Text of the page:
This article was written prior to the merger with Think Shift under its previous name, LogiStyle.
Strategic plans are often full of motherhood and apple pie, i.e., non-controversial comments and observations that are widely known and generally accepted, such as why “markets are getting increasingly competitive,” or how “design cycles and time-to-market are shortening.” In an attempt to make the strategic plan a comprehensive document describing the current state of the market and the business, an inordinate amount of time is spent on documenting what is widely known within the business, and precious little effort is spent on those few critical, but potentially controversial, decisions that are key to the strategic future of the company.
Strategic plans must address controversy squarely in the face and choose to either accept status quo or make a controversial decision.
Without controversy, decisions are seldom strategic. For example, if it is obvious that the business is going to need an additional manufacturing plant and the strategic plan calls for building one, it is not a strategic decision but a tactical one. Only when there is controversy within the management team on the present need for an additional plant, is the decision to build one a strategic decision.
We, at LogiStyle, have been promoting a methodology for strategic planning called FIR: Forks-In-the-Road.
Management selects a few critical forks in the road that the business faces, where there is internal controversy on what path to take. The selection of the forks and the choice made at each fork become the focus of the strategic planning process and their results become the crux of the strategic plan. Those choices represent, in the terminology of Stanford professor Robert Burgelman, irreversible commitments – an essential ingredient for effective strategic planning. Management’s commitment to the strategic plan can then be measured by tracking the percentage of operating dollars directly attributable to those irreversible commitments.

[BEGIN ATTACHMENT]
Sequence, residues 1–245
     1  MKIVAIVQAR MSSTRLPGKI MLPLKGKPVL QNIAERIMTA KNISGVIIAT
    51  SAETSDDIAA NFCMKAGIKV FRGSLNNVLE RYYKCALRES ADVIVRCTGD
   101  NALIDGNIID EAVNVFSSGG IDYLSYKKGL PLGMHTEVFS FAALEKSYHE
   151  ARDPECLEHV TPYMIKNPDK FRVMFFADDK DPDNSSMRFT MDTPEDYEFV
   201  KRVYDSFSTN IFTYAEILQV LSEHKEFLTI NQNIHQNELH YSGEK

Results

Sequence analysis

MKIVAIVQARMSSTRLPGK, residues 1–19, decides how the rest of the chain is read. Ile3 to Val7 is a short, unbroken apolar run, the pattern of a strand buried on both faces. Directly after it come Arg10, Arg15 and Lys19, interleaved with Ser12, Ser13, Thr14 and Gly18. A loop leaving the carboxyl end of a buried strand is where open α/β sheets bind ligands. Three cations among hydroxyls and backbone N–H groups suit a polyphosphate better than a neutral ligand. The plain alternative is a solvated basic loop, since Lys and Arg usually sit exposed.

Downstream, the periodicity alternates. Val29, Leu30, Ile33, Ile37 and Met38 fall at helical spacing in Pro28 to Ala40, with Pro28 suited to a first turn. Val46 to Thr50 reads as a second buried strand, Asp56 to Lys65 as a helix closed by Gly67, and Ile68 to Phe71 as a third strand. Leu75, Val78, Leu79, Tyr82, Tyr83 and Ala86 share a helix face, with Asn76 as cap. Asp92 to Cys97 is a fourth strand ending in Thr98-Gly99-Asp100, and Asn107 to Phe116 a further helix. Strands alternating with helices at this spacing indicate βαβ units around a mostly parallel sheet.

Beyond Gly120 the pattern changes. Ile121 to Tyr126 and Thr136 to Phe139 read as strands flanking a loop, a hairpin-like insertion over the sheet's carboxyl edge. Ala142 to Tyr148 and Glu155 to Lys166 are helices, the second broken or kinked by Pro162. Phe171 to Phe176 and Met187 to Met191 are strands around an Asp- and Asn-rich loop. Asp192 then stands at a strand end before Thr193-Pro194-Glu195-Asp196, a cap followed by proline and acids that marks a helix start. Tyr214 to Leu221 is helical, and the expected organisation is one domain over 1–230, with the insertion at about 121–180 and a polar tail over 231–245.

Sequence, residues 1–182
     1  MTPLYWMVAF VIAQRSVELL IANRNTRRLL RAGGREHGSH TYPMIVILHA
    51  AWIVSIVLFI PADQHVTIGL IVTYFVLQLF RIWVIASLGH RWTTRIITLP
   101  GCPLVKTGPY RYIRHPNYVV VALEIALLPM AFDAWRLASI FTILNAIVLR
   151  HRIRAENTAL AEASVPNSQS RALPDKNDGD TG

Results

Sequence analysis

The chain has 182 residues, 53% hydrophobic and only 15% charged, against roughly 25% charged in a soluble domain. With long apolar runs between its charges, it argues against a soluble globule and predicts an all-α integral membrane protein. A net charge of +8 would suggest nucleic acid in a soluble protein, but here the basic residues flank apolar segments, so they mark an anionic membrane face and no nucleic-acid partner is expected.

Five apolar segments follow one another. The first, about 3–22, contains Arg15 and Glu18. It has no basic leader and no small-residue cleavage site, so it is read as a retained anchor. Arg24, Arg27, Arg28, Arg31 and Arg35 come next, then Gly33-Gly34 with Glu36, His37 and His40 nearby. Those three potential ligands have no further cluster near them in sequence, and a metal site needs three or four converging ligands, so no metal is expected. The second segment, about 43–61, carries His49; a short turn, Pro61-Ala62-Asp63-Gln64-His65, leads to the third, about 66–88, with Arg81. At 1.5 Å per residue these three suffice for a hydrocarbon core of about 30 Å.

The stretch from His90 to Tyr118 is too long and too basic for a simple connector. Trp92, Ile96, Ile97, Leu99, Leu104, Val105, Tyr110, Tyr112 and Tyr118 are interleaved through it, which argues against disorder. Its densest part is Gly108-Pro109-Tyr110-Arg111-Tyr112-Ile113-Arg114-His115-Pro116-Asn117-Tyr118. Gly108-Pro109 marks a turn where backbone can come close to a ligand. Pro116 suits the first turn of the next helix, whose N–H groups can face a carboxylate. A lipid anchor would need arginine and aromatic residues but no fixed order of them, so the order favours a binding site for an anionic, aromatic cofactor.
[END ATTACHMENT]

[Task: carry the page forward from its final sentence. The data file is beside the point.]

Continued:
Companies, where we have helped implement this methodology, have found that a greater fraction of management’s time and discussion is focused on the current significant issues facing the business. The resulting document, devoid of motherhood and apple pie, is less meaningful for an outsider – such as a potential strategic buyer of the company, - but is very useful and actionable for the internal management team. For those who desire, the strategic plan can be topped off with a generous layer of whipped cream fluffed up with a lot of air, by including a five-year financial projection resulting from the FIR choices made.
Food for Thought is our way of sharing interesting concepts on corporate leadership and management with others who might find it useful. The thoughts offered are intended to be controversial and thought provoking. They are intended to help our readers intentionally realize their potential, what we call Potentionality.